The findings come from the Metabolic Cerebral Imaging in Incipient Dementia study, an ongoing national clinical trial sponsored by the Centers for Medicare and Medicaid Services (CMS).
|Arrows point to the brain areas that undergo progressive decline in metabolism.
First Row: Normal cognition.
Second Row: Age-associated memory impairment, defined as memory within normal limits for age, but noticeably worse for that patient than when he or she was younger.
Third Row: Mild cognitive impairment, defined as below normal limits compared with healthy people of the same age and education level.
Fourth Row: Alzheimer’s disease, shown here for a metabolically advanced stage of dementing disease — in cases where each of these levels of symptoms is due to the Alzheimer’s pathologic process occurring in the patient’s brain.
The interim data show that patients whose doctors gleaned information from a brain PET scan performed with the tracer FDG — which measures energy being used throughout regions of the brain — did better over two years of follow-up than those whose doctors were randomized to not have access to the scan information. “During the subsequent two years after their PET scans, these patients had superior executive function, better memory abilities and greater preservation of overall cognitive function,” says Daniel Silverman, MD, (RES ’94, FEL ’96) PhD, professor of molecular and medical pharmacology and the study’s principal investigator. The research, Dr. Silverman says, provides “the first direct evidence that patients whose early Alzheimer’s disease is revealed by FDG–PET will do better than patients with the same condition but with their brain-metabolism pattern remaining unknown to their doctors and themselves.”
Prior to these study findings, there was no rigorously controlled scientific evidence on the long-term clinical benefit associated with obtaining PET scans, or any other kind of neuroimaging, in the evaluation of cognitively declining patients. This multicenter, prospective, randomized and blinded study demonstrates significant clinical benefits, which may also save healthcare dollars.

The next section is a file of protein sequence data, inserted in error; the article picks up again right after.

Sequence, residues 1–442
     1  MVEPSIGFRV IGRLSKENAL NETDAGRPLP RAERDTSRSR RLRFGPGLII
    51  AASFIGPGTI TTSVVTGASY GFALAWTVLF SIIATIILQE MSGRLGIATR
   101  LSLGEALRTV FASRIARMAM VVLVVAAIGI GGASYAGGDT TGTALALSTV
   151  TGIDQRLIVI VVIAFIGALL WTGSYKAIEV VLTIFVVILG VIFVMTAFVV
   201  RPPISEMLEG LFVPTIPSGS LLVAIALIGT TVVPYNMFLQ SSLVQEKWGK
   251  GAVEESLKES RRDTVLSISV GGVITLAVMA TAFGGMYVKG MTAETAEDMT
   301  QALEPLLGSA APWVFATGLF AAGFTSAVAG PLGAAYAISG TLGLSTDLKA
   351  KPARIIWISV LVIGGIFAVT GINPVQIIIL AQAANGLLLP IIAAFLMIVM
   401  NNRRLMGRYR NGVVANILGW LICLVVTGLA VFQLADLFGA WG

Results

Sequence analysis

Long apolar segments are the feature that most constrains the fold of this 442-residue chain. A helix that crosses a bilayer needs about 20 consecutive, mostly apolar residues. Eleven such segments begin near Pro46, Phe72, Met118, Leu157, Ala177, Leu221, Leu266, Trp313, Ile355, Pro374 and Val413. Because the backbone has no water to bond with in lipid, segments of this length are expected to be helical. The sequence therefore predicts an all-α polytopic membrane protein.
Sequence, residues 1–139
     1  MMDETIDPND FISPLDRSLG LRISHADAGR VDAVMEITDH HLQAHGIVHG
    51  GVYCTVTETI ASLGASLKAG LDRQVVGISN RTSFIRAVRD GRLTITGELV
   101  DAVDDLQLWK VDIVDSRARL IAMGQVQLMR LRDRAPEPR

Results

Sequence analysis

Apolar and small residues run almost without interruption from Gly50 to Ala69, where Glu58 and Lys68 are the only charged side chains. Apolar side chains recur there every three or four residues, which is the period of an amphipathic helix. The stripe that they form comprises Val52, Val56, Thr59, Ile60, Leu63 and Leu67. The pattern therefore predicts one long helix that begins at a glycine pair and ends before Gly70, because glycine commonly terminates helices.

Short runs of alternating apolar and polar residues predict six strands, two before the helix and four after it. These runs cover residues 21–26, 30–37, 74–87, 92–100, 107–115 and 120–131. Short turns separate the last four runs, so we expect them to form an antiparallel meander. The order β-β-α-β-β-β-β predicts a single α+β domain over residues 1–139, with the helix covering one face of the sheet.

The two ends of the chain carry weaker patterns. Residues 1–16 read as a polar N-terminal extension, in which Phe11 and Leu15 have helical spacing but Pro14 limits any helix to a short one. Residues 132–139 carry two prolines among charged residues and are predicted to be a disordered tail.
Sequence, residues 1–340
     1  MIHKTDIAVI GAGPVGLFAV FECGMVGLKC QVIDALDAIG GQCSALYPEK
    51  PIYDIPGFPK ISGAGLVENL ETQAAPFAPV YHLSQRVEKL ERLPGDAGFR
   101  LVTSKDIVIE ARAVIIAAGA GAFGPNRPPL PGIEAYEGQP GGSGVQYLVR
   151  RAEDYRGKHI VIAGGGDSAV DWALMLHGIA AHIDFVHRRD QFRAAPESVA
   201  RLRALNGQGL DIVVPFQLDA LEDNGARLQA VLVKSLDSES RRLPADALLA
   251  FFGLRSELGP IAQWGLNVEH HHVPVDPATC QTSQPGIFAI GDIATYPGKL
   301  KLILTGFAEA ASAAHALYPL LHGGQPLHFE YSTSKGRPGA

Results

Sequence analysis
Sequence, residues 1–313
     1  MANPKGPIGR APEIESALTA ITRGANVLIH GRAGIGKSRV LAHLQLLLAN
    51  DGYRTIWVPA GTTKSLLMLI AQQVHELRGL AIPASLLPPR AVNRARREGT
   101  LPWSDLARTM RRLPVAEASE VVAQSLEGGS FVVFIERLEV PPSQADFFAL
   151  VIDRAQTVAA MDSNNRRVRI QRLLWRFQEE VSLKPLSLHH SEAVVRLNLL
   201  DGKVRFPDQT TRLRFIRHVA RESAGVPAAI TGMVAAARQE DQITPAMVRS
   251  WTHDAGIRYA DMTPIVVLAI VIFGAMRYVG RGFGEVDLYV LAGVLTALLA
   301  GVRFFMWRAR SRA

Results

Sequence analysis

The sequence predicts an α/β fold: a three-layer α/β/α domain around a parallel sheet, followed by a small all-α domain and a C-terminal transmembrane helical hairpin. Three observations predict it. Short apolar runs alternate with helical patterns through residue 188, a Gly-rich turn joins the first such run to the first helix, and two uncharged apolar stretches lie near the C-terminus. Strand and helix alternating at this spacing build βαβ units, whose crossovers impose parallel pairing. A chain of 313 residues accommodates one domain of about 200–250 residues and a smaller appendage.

“Patients who don’t have Alzheimer’s disease may be prescribed drugs that won’t help them or may even make them worse,” Dr. Silverman says. “And each year of taking these medications costs hundreds of dollars more than the reimbursement for a PET scan would cost.” Conversely, he says, undiagnosed Alzheimer’s patients won’t get the drugs that this study shows would help them, when given early, to maintain their cognitive abilities. These patients may ultimately need nursing-home care, at an average cost of about $7,000 a month, six-to-nine months earlier than patients with the same brain pattern who were diagnosed and treated sooner as a result of the early availability of the PET-scan information.
The interim results are based on an examination of 63 patients who underwent FDG-PET and neuropsychological testing at baseline. The testing and collection of medication-prescription data were repeated every six months for two years. The doctors in the arm of the study who were able to immediately view the PET scans treated their patients differently than doctors who didn’t get scan results until the end of the two-year study. About 40 percent of the patients whose doctors were informed of the presence of the Alzheimer’s brain-metabolism pattern were given drugs specifically indicated for dementia within the first six months of the study.